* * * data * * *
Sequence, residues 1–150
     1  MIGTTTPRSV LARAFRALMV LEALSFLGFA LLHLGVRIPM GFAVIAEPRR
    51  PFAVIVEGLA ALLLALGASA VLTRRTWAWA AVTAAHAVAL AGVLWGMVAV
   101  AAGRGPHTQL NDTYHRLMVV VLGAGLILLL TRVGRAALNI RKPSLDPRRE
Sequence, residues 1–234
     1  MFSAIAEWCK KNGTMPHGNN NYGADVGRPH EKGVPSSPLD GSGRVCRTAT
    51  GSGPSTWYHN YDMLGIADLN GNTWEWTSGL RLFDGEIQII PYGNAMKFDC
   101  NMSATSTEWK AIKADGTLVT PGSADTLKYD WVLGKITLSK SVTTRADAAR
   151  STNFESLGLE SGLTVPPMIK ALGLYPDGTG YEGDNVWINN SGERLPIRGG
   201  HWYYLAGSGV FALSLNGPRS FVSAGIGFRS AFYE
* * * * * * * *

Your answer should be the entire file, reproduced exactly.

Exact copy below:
Sequence, residues 1–150
     1  MIGTTTPRSV LARAFRALMV LEALSFLGFA LLHLGVRIPM GFAVIAEPRR
    51  PFAVIVEGLA ALLLALGASA VLTRRTWAWA AVTAAHAVAL AGVLWGMVAV
   101  AAGRGPHTQL NDTYHRLMVV VLGAGLILLL TRVGRAALNI RKPSLDPRRE
Sequence, residues 1–234
     1  MFSAIAEWCK KNGTMPHGNN NYGADVGRPH EKGVPSSPLD GSGRVCRTAT
    51  GSGPSTWYHN YDMLGIADLN GNTWEWTSGL RLFDGEIQII PYGNAMKFDC
   101  NMSATSTEWK AIKADGTLVT PGSADTLKYD WVLGKITLSK SVTTRADAAR
   151  STNFESLGLE SGLTVPPMIK ALGLYPDGTG YEGDNVWINN SGERLPIRGG
   201  HWYYLAGSGV FALSLNGPRS FVSAGIGFRS AFYE